In Couture Culture, Nancy Troy offers a new model of how art and fashion were linked in the early twentieth century. Focusing on a leader of the French fashion industry, Paul Poiret, Troy uncovers a logic of fashion based on the tension between originality and reproduction that bears directly on art historical issues of the period. This tension lies at the heart of haute couture, which, although designed for the wealthy, was also intended to be adapted for sale in department stores and other clothing outlets that catered to a broader consumer market. Troy examines the relationships between elite and popular culture, the professional theatre and the fashion show, as well as the presumed polarity between classical and Orientalist sensibilities. She shows how Poiret and other designers patronised the arts and presented themselves as artists not only to sell their individual dresses to wealthy clients but also to promote the mass production of their designs. The contradictions she uncovers suggest surprising parallels with the ready-mades and fashion-related work of Marcel Duchamp, who explored the questions of originality and authenticity raised by couture culture during the 1910s and 1920s.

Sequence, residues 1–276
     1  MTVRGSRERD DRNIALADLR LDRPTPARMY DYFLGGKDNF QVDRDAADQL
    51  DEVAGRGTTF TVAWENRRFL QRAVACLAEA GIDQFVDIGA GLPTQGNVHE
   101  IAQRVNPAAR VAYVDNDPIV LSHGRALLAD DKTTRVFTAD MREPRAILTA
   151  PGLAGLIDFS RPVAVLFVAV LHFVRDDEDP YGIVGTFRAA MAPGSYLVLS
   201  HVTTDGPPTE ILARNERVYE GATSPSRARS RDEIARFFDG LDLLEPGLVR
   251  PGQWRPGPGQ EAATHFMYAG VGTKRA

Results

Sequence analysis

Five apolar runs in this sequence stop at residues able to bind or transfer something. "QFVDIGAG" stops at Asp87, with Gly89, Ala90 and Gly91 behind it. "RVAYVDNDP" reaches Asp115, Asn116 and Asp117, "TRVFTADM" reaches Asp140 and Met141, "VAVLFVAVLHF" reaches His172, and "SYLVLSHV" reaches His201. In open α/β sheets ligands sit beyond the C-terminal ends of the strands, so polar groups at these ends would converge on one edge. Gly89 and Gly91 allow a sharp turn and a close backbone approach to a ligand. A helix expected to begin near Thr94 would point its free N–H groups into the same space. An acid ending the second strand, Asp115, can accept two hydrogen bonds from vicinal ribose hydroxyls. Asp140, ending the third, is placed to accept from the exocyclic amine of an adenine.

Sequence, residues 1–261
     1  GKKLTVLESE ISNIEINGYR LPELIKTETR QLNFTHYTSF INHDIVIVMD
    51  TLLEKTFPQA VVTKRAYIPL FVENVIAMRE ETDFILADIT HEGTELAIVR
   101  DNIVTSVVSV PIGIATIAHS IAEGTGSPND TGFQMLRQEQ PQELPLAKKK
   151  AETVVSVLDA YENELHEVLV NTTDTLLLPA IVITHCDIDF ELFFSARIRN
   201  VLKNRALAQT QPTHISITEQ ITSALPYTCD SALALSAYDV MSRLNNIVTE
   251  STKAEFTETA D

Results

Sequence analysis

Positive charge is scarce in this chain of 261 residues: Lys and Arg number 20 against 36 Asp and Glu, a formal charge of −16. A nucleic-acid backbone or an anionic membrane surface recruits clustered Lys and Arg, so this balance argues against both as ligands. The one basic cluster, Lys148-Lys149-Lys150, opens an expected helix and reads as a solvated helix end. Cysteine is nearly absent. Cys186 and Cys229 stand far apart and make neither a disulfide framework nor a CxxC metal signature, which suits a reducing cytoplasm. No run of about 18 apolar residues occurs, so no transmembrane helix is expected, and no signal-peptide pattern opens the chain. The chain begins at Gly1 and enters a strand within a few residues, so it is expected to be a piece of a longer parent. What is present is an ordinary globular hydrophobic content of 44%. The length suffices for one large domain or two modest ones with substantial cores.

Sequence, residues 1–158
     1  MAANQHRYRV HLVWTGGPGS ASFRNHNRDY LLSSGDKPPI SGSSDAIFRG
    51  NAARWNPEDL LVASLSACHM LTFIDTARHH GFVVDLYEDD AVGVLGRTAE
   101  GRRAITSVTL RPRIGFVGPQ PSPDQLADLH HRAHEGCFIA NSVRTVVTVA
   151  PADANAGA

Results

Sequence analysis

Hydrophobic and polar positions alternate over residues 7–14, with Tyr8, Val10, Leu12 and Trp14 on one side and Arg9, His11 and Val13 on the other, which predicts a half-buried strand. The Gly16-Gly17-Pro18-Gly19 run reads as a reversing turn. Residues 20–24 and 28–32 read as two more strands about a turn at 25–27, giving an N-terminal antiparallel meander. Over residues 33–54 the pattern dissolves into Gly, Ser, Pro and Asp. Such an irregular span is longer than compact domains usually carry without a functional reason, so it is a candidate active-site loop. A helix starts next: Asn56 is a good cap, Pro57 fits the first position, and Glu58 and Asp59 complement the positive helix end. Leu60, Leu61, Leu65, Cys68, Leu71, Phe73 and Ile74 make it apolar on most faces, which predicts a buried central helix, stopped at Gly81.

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Descrizione libro The MIT Press, 2002. Hardcover. Condizione libro: New. Codice libro della libreria DADAX0262201402
Descrizione libro The MIT Press, 2002. Hardcover. Condizione libro: New. Codice libro della libreria P110262201402
Descrizione libro The MIT Press, 2002. Condizione libro: New. Brand New, Unread Copy in Perfect Condition. A+ Customer Service!. Codice libro della libreria ABE_book_new_0262201402
Descrizione libro The MIT Press, 2002. Hardcover. Condizione libro: New. book. Codice libro della libreria 0262201402